Breast cancer survivors turned social entrepreneurs create an educational conference to save lives
Breast cancer survivors Lois Joseph and Ann Harris really do practice what they preach.
They met by chance over a decade ago, and today they’re working to empower breast cancer patients by providing information they can use to make informed decisions concerning their breast health.
Joseph and Harris formed the Breast Cancer Awareness Association (BCAA) in 2001 as a venue for breast cancer patients and their families to utilize to educate themselves throughout the journey of dealing with breast cancer.
It’s an extremely personal mission for both founders. Joseph lost her husband to cancer and shortly after, she was diagnosed with breast cancer. “The process that I went through with my husband was very challenging in the sense that we knew so little, did not know the right questions to ask, we did not have an advocate to guide us, and not knowing where to go for all this information we were really scared and sort of paralyzed,” said Joseph.
She made up her mind shortly after her diagnosis that it was going to be a very different journey for her and decided to create an educational gathering to make sure others have much more access to information about breast health.
Harris, who met Joseph while serving as her nurse, decided something needed to be done to share information when she was going through chemotherapy, and felt she didn’t have access to information she needed in order to make decisions about her health.
Both partners are successful in their own right and have put their resources and passion toward helping others in the fight against breast cancer. Joseph has worked in fashion retail for the last 12 years. She also started a successful catering company with her late husband. Harris is an established RN who works at Abbott Northwestern Hospital, where she’s been for over 30 years. Working hand-in-hand for over 11 years has created an incredible bond between the two women that have the same vision about empowerment through education.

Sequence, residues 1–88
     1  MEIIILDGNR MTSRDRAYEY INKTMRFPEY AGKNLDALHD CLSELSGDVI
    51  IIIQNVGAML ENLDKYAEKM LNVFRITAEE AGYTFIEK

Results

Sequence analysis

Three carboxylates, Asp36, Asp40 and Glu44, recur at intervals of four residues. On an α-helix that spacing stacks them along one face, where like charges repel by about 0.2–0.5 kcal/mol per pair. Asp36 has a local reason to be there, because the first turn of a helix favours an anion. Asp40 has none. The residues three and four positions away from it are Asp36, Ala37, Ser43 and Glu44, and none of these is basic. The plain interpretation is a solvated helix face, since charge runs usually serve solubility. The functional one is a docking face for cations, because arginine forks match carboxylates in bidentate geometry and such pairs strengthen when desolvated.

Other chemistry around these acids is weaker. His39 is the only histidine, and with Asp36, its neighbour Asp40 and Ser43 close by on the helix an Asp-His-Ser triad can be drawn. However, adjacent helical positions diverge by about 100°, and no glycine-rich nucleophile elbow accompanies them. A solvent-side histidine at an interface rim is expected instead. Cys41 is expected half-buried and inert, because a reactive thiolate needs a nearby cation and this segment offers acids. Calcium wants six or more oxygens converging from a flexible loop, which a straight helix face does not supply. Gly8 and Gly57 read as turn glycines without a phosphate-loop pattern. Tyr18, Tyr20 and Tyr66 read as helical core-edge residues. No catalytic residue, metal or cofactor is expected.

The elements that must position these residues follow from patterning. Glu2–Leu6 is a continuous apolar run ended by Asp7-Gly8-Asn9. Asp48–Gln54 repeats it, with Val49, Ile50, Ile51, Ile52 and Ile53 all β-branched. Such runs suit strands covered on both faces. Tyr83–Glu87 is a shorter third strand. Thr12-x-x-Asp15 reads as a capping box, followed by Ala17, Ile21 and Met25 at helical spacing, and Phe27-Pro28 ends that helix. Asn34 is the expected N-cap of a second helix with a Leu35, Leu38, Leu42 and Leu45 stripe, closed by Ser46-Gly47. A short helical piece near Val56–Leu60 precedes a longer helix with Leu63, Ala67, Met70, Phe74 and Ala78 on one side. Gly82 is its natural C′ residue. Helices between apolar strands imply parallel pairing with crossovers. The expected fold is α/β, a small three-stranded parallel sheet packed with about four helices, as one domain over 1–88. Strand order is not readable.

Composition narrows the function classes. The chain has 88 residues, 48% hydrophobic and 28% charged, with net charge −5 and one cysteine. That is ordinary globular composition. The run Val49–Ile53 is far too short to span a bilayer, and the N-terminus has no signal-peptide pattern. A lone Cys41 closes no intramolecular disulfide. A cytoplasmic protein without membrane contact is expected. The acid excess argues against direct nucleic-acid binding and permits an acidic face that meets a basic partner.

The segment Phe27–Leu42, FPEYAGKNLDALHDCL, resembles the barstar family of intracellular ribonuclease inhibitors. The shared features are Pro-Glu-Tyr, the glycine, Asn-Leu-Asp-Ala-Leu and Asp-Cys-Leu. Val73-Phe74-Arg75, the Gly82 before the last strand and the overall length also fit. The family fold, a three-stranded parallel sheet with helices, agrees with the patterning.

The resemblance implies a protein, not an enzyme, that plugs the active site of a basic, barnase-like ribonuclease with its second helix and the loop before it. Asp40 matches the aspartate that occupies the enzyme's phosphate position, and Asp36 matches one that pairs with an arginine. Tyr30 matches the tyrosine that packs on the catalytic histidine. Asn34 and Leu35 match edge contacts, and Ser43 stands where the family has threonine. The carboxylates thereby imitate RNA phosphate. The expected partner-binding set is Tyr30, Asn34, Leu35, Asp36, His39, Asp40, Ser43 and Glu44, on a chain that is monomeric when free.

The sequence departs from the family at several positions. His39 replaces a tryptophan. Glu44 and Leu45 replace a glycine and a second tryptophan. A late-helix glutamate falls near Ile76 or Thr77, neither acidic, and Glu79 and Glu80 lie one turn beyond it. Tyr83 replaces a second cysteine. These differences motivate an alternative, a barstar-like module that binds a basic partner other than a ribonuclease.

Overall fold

While the partners are gearing up for their 11th annual Breast Cancer Awareness and Education Conference on Oct. 6, they admit that it’s been a challenge to secure sponsorships and attract the right participants to the conference. As social entrepreneurs, it’s sometimes tough to compete against the big dogs.
“The uniqueness about the BCAA is that we are one of a few that present this type of conference,” said Joseph. “This sets us apart from others, as we raise no money for research, but strictly educational.”
The economic downturn hasn’t made it any easier to attract funds, but the partners are fueled by the lives that they touch through their educational efforts.
The people that come to the conference every year and tell the founders how inspired they are when they leave is what most fuels the fire and keeps the conference going every year. The atmosphere during the day of the conference is filled with positive energy and hope and is created by volunteers that give of their time effortlessly.
“I love the one-on-one support that I can give by talking to a person on the phone, in person or by visiting them in the hospital,” said Harris. “We are so fortunate to live in the community that we do with excellent health care and world renowned doctors to choose from when setting up the conference.”
Indeed, this year’s conference will feature high-profile physicians speaking on a variety of subjects from the latest in oncology research to how exercise will help going through treatment for breast cancer.
The 11th Annual Breast Cancer Awareness Education Conference will take place Saturday, Oct. 6, at the Saint Paul RiverCentre from 8 a.m. to 3:30 p.m. Visit the organization’s Web site at www.bcaamn.org for more information.